Gone Fishing

When spring was trying sneak past winter, and I was still trapped inside due to the chill in the air, I sat down and thought, “I will make a list about fishing, all of the places Shane and I fished together in our first year of marriage.” I can say with certainty, we did not fish enough. Now, this was a list of us together. Shane  went with out me many, many times on the ice and a few times last spring. In the end, this is our list of places we fished as a couple, either alone or with friends and family, in our first year of marriage:

1. Moraine State Park

Okay, this one makes total sense. We could walk to this place if we wanted to. Lake Arthur is a body of water I have worn my hip boot into to practice fly fishing, a place I have walked on when it was cold enough, and of course, we have been out with the boat so many times I have lost track.

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2. Parker Dam State Park

This was the place that was always my go-to growing up. It was natural to share the excitement of opening day together with my dad and Leah this past year on the bank of Parker Lake, although we also hit Laurel Run in this park on the first day. Shane may not be into the “shoulder to shoulder” mayhem with those who have never fished except for on opening day, but we had fun none the less. I think that first day, with a crowded shoreline, can be humbling as you try to catch trout that aren’t that hungry and novices can out-catch you with in minutes.

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3. Frances Slocum State Park

Frances Slocum Lake was a little, but rewarding lake. We were on vacation, so why not just relax by a shoreline after hiking at Ricketts Glen? We set up bobbers and played cards and reeled in fish. This was when Shane commented that maybe once a year he would go bobber fishing usually, but that in that moment, the Sunday before Memorial Day, already gone twice, and he said he can see why people like it.

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4. The Grove City Ponds

This was a place Shane got me out onto the ice again! We had a lot of fun here once we got all set up in the rain in a little pop-up shelter he brought to keep me dry. We caught bluegills here and with his fish finder, we could see them coming in and how they were reacting to our bait. This was one of the most recent places he and I fished considering we are just coming out of ice-fishing season and why it made it over the next location.

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5. Spring Creek

This quick afternoon trip was made with Leah after she and I had been at the Creation Festival. It was a Sunday afternoon, and Leah wanted to experience fly fishing on a creek, Shane had come to the Saturday night concert and so I had told him to bring up fishing stuff so Sunday we could go out on our way home. Unfortunately, this fishing trip didn’t supply us with any catches at all. I just wanted to lay in the cool water, having been in the hot sun all weekend at the festival, so needless to say, with Leah having to head back to Connecticut, we stopped our attempts sooner than Shane probably would’ve liked.

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Sadly, those were the only places that we enjoyed fishing together. After figuring that out, I promptly told Shane, we had to go to more places, even if I had to drag him along kicking and screaming. (Of course, this would never be the case.) Now with the summer sun smiling down on us, looking out to a blue sky, another list has started up on my computer, a list of places where we could get to for a nice day trip and take the boat and Grizz could learn some boating manners.

It’s funny though, because this list reminds me that no matter what we plan, no matter what we have in store, we cannot plan for tomorrow. As it stands right now, Shane and I are with out a truck to haul the boat, and though we have canoes and hip waders and other ways to fish, the truck breaking down has dampened our spirits.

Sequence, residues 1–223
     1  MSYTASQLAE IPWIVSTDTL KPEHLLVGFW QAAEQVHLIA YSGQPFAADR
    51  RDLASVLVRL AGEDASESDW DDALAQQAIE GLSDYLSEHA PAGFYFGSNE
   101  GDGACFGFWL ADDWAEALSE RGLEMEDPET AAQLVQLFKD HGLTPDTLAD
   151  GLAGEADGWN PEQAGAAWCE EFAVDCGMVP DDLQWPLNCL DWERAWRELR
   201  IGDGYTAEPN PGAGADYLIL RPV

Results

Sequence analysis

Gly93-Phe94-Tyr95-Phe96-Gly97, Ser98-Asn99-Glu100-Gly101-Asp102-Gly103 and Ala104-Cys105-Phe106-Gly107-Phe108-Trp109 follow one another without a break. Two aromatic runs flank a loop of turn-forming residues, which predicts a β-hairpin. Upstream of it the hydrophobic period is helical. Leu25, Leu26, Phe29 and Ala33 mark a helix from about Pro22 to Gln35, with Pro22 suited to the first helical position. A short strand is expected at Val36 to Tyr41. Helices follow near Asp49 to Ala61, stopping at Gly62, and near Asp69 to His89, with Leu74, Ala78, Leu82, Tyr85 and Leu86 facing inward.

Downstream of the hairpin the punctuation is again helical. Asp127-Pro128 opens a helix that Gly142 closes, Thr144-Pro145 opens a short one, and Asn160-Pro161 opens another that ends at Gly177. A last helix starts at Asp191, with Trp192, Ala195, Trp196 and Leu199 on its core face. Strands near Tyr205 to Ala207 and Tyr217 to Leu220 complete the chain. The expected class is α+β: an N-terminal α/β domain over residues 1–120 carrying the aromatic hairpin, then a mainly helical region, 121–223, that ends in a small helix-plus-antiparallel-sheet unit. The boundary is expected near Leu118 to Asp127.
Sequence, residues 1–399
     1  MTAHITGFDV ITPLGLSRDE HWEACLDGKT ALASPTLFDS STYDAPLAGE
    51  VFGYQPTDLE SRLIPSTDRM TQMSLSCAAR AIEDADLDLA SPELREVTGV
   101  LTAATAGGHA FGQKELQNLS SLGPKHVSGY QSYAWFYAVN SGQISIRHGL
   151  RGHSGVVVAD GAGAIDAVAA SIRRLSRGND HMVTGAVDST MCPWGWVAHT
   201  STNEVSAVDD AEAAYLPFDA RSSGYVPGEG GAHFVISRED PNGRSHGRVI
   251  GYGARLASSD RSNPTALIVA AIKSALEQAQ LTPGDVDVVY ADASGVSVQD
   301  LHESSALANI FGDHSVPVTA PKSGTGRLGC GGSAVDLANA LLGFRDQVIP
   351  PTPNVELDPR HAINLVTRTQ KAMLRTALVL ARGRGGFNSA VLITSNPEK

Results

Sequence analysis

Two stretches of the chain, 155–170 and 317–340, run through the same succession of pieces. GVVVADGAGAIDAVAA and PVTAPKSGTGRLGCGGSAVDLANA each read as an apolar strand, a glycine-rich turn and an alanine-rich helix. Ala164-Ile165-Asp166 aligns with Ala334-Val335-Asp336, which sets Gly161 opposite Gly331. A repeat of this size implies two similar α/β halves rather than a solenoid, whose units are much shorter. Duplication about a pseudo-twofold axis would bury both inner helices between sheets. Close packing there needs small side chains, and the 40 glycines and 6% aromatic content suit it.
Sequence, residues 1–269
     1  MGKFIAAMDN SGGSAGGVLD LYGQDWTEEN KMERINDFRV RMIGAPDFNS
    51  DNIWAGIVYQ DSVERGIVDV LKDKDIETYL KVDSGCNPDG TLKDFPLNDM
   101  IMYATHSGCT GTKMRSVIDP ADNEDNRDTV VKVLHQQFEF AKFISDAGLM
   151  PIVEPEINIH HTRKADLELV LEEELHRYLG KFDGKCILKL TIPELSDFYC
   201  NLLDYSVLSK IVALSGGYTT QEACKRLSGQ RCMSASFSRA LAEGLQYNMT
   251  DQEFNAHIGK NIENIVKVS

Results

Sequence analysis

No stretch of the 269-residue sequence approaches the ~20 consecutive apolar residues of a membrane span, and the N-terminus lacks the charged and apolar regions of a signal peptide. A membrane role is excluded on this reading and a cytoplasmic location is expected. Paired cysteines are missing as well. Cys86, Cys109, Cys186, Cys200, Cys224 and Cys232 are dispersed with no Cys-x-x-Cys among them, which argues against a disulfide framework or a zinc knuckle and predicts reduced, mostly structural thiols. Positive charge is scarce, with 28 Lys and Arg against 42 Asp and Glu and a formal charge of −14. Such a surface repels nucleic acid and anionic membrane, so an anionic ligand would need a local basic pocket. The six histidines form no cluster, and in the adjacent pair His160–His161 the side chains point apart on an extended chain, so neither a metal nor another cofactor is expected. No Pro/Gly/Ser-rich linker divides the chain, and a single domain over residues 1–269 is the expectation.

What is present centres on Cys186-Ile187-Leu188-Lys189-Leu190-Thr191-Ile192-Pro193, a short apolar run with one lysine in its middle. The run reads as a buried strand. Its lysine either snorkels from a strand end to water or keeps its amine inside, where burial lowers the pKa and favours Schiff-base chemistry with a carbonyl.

Proverbs 27:1 says not to boast about tomorrow, because we never know what tomorrow may bring, and with my longboard fall and the truck breaking down, we know that to be true. Another couple may be stressing out at the lack of a truck and the dilemmas that may bring as we need one to gather the materials for the new dog fence, haul a boat, or even just to move things with more ease on our property, but as Shane and I discussed what to do about a truck, we decided to just keep praying and waiting. As Shane put it, he has never not had anything he needed provided just at the right time. I love hearing that from him, knowing he is able and capable to wait on the Lord with me.

Matthew 6:25 “Therefore I tell you, do not worry about your life, what you will eat or drink; or about your body, what you will wear. Is not life more than food, and the body more than clothes? 26 Look at the birds of the air; they do not sow or reap or store away in barns, and yet your heavenly Father feeds them. Are you not much more valuable than they? 27 Can any one of you by worrying add a single hour to your life[e]?

28 “And why do you worry about clothes? See how the flowers of the field grow. They do not labor or spin. 29 Yet I tell you that not even Solomon in all his splendorwas dressed like one of these. 30 If that is how God clothes the grass of the field, which is here today and tomorrow is thrown into the fire, will he not much more clothe you—you of little faith? 31 So do not worry, saying, ‘What shall we eat?’ or ‘What shall we drink?’ or ‘What shall we wear?’ 32 For the pagans run after all these things, and your heavenly Father knows that you need them. 33 But seek first his kingdom and his righteousness, and all these things will be given to you as well. 34 Therefore do not worry about tomorrow, for tomorrow will worry about itself. Each day has enough trouble of its own.

 

 

 

 

Ricketts Glen, the Almost National Park

I happened to stumble across Ricketts Glen when researching “things to see in PA” for a Christmas present I was putting together for Shane. I knew it was important that he and I make “He and I Time” in our new marriage, so although not married last Christmas, I gave him a gift of various parks I basically made a report out of that we could do short weekend trips to. The only thing missing was the MLA citations.